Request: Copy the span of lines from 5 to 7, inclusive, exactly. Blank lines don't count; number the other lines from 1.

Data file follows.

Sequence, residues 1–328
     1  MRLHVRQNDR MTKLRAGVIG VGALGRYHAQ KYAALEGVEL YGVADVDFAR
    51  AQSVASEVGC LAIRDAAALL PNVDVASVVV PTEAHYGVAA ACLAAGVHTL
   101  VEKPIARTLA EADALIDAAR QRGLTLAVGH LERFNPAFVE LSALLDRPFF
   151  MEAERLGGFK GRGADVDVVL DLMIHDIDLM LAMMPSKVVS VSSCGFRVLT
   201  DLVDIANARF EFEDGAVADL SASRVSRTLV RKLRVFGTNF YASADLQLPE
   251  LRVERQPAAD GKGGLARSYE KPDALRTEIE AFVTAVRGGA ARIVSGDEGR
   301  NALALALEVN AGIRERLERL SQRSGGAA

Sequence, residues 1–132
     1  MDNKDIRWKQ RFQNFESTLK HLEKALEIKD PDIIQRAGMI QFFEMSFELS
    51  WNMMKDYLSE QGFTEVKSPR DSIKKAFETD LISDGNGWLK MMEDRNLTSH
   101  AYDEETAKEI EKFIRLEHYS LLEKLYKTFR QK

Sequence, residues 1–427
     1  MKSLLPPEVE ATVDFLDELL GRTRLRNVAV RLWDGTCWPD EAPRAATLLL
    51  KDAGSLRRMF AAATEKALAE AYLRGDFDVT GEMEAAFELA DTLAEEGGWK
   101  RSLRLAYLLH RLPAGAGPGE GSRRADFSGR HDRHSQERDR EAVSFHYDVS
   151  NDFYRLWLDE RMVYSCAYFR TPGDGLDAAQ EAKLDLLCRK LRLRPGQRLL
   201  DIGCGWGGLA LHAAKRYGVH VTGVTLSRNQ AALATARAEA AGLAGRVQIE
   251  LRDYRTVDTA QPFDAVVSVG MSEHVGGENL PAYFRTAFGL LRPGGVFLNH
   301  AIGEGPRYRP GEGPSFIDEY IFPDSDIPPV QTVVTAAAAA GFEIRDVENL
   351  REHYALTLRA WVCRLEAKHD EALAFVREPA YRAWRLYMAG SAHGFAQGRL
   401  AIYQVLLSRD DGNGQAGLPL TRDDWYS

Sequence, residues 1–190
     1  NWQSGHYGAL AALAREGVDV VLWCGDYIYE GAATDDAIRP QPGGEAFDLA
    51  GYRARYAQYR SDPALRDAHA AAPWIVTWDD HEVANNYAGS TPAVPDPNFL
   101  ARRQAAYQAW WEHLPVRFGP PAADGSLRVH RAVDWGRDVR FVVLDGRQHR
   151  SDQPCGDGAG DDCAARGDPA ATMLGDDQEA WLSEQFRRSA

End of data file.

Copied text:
   151  MEAERLGGFK GRGADVDVVL DLMIHDIDLM LAMMPSKVVS VSSCGFRVLT
   201  DLVDIANARF EFEDGAVADL SASRVSRTLV RKLRVFGTNF YASADLQLPE
   251  LRVERQPAAD GKGGLARSYE KPDALRTEIE AFVTAVRGGA ARIVSGDEGR